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Mind-Bending Stat Reveals How Bad This 2020 Market Crash Really Is

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The world is starting to feel the initial shock of the coronavirus-induced recession. Expect a deep and unprecedented one since the Great Depression. This is a peacetime recession where economies are beleaguered to defeat the pandemic.

One financial adviser is saying the market crash of today is going to be a key risk aversion reference point from here on. The event will be in everyone’s mind for a long time. The S&P 500 has never dropped from the peak at a rapid pace.

Fastest drawdown

The February to March 2020 selloff was the fastest 30% drawdown in history. In only 22 days, the stock market was cut by a third. The nearest pullback took 23 days and happened back in February 1934 during the Great Depression. Notably, the 2008 Financial Crisis did not record such mind-bending statistics.

Recession fears

The Toronto Stock Exchange (TSX) is currently outperforming Wall Street. However, it doesn’t mean that Canada’s main stock index is not in a bind. The tumbling crude prices are compounding the woes in North America. Even with a fiscal stimulus package, stock movements are very erratic.

The consumer discretionary, energy, financial, and healthcare sectors declined again when the market closed on April 3, 2020. Many top names such as Bank of Nova Scotia. Fairfax, Suncor, and Toronto-Dominion Bank posted losses.

Struggling energy stock

The TSX managed to post gains for two straight weeks now. With oil price surging of late, Cenovus Energy (TSX:CVE)(NYSE:CVE) was able to gain headway as the shares advanced 3.28% to finish the week. The news that Saudi Arabia and Russia are cutting oil production by 10 million to 15 million barrels per day was the boost.

Still, Cenovus is losing by 73.3% year to date. For the second time, this $4.25 billion oil and gas integrated company has announced that it will curb spending by an additional $150 million. From the original guidance of $1.3 billion to $1.5 billion, the total capital spending for 2020 is down to $600 million.

COVID-19 is hurting global energy demand. Similarly, the outlook for exploration and production appears gloomy. With Cenovus restricting its operations, the upstream activities will be diminished significantly.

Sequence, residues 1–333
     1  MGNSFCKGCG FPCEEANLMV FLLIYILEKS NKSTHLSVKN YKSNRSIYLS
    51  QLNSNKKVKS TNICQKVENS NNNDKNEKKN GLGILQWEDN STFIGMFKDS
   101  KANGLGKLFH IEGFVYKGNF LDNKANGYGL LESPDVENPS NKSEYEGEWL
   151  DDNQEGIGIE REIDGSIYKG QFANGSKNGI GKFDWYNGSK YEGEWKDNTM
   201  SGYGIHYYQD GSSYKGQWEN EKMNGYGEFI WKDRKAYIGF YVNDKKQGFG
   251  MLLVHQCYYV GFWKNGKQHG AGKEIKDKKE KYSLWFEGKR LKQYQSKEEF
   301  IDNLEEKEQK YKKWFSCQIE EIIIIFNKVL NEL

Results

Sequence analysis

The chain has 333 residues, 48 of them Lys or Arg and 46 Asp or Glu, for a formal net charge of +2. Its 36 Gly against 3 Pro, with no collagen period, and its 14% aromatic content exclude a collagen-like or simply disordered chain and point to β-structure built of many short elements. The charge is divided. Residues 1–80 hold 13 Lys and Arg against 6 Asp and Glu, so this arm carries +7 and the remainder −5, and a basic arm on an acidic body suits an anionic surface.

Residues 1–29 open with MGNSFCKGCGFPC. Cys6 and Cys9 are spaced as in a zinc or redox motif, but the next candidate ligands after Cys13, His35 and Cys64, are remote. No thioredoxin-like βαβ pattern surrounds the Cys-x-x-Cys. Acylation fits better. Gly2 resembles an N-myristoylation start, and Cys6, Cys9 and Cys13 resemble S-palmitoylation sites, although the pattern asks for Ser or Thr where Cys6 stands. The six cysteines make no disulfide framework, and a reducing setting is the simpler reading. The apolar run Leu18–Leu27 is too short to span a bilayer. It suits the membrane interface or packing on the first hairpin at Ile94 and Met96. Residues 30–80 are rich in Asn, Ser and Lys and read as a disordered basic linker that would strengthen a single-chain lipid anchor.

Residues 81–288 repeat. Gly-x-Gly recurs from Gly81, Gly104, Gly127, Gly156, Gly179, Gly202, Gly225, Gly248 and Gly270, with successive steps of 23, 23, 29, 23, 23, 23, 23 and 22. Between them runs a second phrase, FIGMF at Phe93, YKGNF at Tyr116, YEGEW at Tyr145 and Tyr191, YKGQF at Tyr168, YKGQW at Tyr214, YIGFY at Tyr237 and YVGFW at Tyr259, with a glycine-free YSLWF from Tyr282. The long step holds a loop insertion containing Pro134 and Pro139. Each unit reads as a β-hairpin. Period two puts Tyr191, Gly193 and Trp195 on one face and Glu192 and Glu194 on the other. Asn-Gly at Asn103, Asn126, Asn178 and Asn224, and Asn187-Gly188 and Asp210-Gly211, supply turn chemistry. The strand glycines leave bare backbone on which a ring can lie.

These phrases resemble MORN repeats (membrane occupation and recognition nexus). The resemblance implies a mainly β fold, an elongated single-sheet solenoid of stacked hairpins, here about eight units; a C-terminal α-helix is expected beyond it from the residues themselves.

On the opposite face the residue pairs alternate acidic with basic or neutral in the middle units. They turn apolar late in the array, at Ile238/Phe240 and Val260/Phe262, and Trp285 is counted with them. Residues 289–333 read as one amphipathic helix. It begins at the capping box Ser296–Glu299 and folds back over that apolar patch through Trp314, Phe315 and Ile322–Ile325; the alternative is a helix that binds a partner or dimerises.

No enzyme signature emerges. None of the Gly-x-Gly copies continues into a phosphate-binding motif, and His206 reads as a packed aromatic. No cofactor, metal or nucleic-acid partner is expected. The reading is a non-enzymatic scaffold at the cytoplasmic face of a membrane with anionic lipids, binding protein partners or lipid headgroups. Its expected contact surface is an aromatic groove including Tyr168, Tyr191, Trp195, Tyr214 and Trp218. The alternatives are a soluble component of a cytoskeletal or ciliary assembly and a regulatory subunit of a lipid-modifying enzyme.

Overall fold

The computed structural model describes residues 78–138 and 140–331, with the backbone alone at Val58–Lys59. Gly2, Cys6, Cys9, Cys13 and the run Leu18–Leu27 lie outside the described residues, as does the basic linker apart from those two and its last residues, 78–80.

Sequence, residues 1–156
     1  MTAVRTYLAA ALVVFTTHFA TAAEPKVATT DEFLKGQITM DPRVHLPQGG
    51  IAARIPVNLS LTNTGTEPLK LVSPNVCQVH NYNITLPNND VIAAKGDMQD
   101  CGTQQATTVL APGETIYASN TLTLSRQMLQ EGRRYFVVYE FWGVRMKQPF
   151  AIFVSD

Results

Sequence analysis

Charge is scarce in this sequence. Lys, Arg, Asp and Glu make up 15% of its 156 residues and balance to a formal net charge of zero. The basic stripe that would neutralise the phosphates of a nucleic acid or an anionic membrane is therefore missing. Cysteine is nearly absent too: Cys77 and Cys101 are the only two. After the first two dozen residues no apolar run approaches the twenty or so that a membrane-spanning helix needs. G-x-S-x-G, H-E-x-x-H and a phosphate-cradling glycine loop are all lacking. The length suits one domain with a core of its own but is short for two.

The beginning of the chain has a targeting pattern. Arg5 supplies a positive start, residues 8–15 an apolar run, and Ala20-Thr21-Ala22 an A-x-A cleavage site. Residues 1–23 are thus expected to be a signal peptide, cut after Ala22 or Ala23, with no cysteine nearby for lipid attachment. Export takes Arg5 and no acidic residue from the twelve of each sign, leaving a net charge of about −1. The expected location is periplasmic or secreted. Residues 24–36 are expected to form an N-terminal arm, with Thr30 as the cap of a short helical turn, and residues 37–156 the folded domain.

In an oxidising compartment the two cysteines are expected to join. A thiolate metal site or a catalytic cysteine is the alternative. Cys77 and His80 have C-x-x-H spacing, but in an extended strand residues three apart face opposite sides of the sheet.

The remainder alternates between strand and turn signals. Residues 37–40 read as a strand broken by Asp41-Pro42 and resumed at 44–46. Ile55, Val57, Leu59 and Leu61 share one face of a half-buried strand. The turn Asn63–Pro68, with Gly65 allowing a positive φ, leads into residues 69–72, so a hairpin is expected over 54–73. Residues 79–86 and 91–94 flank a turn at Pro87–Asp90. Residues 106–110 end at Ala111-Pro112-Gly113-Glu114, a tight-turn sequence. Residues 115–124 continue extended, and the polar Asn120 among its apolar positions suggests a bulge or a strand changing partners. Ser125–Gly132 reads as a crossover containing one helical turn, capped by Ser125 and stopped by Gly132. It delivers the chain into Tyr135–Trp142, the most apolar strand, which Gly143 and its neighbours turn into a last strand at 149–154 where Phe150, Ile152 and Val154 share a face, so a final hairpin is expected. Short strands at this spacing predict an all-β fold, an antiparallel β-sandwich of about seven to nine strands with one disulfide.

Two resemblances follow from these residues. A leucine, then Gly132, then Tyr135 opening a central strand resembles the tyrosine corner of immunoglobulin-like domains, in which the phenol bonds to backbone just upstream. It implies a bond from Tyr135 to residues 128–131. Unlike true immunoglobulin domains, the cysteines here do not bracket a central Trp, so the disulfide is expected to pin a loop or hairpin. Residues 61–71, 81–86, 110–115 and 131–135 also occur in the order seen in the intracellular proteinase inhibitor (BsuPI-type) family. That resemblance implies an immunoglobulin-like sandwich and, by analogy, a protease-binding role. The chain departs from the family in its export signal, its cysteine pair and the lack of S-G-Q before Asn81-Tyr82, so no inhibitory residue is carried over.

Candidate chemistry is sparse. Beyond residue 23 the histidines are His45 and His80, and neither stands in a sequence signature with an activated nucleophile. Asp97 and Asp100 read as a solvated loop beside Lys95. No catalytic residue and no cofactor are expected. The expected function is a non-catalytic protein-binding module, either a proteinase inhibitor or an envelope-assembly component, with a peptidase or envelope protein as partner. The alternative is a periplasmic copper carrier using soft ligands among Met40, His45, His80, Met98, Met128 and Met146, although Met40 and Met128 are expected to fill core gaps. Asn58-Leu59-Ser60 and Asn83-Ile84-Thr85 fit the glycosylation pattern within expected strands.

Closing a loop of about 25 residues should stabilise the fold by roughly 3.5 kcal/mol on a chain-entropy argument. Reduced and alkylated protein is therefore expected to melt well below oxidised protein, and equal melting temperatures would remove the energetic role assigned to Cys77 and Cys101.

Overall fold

Cenovus ended 2019 with $186 million in cash and cash equivalents, while total long-term debt stood at $6.7 billion. To lift the pressure off the cash balance, the company is temporarily suspending its quarterly dividend payout.

The Canadian industry is facing a situation in which it could be curtailing up to 1.7 million barrels daily, or roughly one-third of the country’s total production. The reason is that storage capacity is running out. Cenovus is supporting whatever the Province of Alberta decides to avert a storage crunch.

World economy at a standstill

The World Health Organization (WHO) is calling on advanced economies to help emerging markets and developing countries to survive the health and economic impacts. But the International Monetary Fund (IMF) and the World Bank (WB) have stern warnings.

The IMF managing director said this recession is far worse than the 2008-2009 global financial crisis, while the WB president sees a major global recession. Certainly, tough times are ahead for everyone.

This article represents the opinion of the writer, who may disagree with the “official” recommendation position of a Motley Fool premium service or advisor. We’re Motley! Questioning an investing thesis — even one of our own — helps us all think critically about investing and make decisions that help us become smarter, happier, and richer, so we sometimes publish articles that may not be in line with recommendations, rankings or other content.

Fool contributor Christopher Liew has no position in any of the stocks mentioned. The Motley Fool recommends BANK OF NOVA SCOTIA and FAIRFAX FINANCIAL HOLDINGS LTD.

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